Countries in the Global South, like India and Ghana, are still seen by many as charity recipients. It is due to the fact that ‘developing’ countries like them receive a sizeable amount of aid from international donors. This long held view is beginning to shift in as nations move to middle income status and people understand that innovation and growth are possible at all levels.
What has followed has been a decade of growing investment in what has been termed the “base of the pyramid.” The BoP represents the estimated 1 billion people who live on $1.50 or less a day. Although incomes are extremely low, there is an untapped market in this group that will only grow as incomes and livelihoods grow. Corporations and individuals realized that by playing a part in the growth of the BoP, they can not only improve the lives of 1 billion people but tap into a giant market of consumers.
Next Generation Business Strategies for the Base of the Pyramid researchers Ted London and Stuart Hart have complied a set of lessons learned and ideas from leading researchers and practitioners. Each chapter focuses on how to access and work with people living in the BoP. “[T]he debate is not anymore about how many are really poor; it is about how to bring the benefits of gold standards at affordable prices and increase access,” write the authors in their introduction.
The book grew out of the 2009 Creating and Shared Roadmap: Collaboratively Advancing the Base of the Pyramid Community conference attended by roughly 100 people ranging academics and NGO workers to entrepreneurs and corporate executives. Through this collaboration, the 8 authors gained insight into how to make their chapters as instructive as possible to actors looking to participate in the BoP space.
From the development perspective, the book’s strength lies in its discussions of lessons learned and consistent message of patient development. Jacqueline Novogratz, CEO of Acumen Fund, is emblematic of this arch by describing her idea of ‘patient capital’ in her chapter co-authored by Robert Kennedy, William Davidson Institute & Ross School of Business, University of Michigan.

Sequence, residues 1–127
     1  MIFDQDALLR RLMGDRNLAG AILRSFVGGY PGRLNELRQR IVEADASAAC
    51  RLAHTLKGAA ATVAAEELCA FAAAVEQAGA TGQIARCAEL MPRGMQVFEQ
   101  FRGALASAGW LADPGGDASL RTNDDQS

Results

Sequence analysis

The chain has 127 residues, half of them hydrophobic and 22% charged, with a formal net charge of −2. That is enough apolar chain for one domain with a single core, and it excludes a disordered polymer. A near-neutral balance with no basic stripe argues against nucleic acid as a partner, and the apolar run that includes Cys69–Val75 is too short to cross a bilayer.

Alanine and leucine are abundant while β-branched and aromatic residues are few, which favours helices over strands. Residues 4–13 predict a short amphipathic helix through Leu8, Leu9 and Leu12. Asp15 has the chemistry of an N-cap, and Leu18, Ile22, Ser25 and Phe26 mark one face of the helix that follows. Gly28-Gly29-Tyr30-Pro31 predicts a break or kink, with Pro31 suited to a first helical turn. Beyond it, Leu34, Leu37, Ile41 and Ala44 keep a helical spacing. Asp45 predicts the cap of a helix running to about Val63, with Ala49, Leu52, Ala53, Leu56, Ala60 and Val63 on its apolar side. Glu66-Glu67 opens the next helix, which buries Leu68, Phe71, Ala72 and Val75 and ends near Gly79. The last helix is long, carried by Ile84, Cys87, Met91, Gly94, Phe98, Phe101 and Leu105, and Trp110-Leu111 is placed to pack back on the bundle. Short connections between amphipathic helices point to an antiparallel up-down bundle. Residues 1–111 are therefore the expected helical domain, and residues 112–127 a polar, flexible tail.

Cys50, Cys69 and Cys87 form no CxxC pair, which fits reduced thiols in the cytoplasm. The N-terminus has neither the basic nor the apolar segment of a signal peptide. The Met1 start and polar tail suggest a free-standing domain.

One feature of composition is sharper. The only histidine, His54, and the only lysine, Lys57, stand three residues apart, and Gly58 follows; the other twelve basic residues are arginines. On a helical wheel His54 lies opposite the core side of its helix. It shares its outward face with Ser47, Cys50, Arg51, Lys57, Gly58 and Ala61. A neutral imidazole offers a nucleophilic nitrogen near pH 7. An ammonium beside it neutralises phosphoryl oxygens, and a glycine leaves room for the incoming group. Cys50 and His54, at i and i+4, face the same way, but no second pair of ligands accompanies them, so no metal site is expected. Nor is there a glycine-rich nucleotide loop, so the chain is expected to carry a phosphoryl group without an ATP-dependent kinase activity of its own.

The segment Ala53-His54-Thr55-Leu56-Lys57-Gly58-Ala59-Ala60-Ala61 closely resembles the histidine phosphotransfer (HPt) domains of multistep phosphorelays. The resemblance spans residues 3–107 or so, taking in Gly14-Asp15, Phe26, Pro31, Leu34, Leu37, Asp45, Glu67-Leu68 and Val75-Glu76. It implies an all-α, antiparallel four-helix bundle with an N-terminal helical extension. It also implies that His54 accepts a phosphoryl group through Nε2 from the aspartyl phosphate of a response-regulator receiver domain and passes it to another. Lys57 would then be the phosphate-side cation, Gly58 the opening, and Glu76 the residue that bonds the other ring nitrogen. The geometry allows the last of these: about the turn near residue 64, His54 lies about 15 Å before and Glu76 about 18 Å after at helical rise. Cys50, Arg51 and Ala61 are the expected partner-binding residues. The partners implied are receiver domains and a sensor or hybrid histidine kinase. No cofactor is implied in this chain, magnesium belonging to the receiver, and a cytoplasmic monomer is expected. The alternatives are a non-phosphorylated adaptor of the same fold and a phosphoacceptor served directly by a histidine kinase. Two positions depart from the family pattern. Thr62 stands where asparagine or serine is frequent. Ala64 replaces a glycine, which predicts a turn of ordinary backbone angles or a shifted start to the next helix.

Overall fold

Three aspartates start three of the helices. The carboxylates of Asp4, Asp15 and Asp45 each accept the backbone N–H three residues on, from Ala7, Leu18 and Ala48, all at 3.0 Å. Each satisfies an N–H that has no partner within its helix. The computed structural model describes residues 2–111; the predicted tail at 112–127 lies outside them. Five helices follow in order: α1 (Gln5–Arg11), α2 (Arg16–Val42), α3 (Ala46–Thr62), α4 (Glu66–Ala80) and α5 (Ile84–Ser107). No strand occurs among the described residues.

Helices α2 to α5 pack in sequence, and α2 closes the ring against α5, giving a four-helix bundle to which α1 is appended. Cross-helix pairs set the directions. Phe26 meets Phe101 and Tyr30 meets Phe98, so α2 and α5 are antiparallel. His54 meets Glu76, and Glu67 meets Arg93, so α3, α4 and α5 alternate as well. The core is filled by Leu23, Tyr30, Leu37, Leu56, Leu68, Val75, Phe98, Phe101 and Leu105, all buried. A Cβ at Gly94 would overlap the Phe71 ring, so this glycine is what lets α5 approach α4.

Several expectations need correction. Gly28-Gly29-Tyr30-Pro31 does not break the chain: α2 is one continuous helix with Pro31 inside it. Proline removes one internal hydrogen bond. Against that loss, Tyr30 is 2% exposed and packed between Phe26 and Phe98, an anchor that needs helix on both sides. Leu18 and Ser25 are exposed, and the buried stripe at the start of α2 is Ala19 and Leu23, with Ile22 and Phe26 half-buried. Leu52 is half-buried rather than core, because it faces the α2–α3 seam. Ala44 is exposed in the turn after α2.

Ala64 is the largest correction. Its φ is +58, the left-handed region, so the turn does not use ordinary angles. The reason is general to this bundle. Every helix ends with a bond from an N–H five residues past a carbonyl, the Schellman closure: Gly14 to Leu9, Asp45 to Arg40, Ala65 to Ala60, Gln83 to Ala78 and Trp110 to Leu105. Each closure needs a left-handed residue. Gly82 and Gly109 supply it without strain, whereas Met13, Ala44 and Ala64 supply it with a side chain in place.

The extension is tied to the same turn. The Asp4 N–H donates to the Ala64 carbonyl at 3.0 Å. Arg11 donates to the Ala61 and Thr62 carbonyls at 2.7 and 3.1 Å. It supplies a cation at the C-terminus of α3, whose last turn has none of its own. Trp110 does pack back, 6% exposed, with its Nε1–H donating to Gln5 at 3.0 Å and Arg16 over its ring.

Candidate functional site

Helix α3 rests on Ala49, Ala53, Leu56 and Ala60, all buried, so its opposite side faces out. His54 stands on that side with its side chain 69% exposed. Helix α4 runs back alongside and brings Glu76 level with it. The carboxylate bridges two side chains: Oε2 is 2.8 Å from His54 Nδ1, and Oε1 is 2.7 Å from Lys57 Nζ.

“A patient capital investor may need to be willing to tie up money for ten years or longer,” say Novogratz and Kennedy. They argue that change will be a slow process that needs consistent investment to allow change to emerge. An important lesson BoP investors, whether it may be an individual, an NGO, a corporation or USAID, should take to heart.
Nogogratz and Kennedy provide the most tempered section on the book in terms of the need to balance monetary profit with social gains. They say outright that patient capital organizations must be willing to forgo maximized profits for higher social impact.
Patient innovation is an equally important aspect in ensuring that the needs of the BoP align with investors’ goals. The Chotukool mini-refrigerator exemplifies this need for patient innovation as described in Patrick Whitney, Institute of Design, Illinois Institute of Technology, explains in his chapter on reframing design for the BoP.
Indian manufacturer Godrej and Boyce set out to make a cheap ($50-$100) cooling unit where people could store or even freeze food. Rather than design the unit first and ask questions later, the team from G&B went directly to the people they hoped to buy the final product.
What they learned was that there was no need for freezing food, the unit did not have to get all that cool to extend the life of food, and it had to be mobile for when items in the house are moved around or the family moves into a new home. The final product met all of the needs learned by the G&B team and came in a price point, Rs 3500 that was within the desired range and half of the price of the cheapest available refrigerator.
The book is weaker at points when it focuses too closely on markets and comes off as a ‘how to get rich off the poor’ guide. Those moments are few and far between doing little to detract from the book’s overall strength. I do recommend it as a whole. The chapters I highlighted are the ones that I found to be most relevant to international aid and development, but are not the only sections worth a read.
“We should not promote BoP venture development – or indeed, any poverty-alleviation approach – if we do not also have the ability to assess and enhance its on-the-ground impacts. By building impact assessments and community engagement into the business model from the start, BoP ventures may succeed in providing value for all stakeholders simultaneously, rather than elevating one over the other,” say London and Hart in the concluding chapter. The lessons shared are simple. In order to reach and support the poor, we must first begin to work with those living in the BoP. When it is done right, innovations, like the Chotukool, can develop into successful offerings for the business and the consumer.
Disclosure: I was provided a review copy by the authors of the book. They requested that I write a fair and honest review. The thoughts here are entirely my own.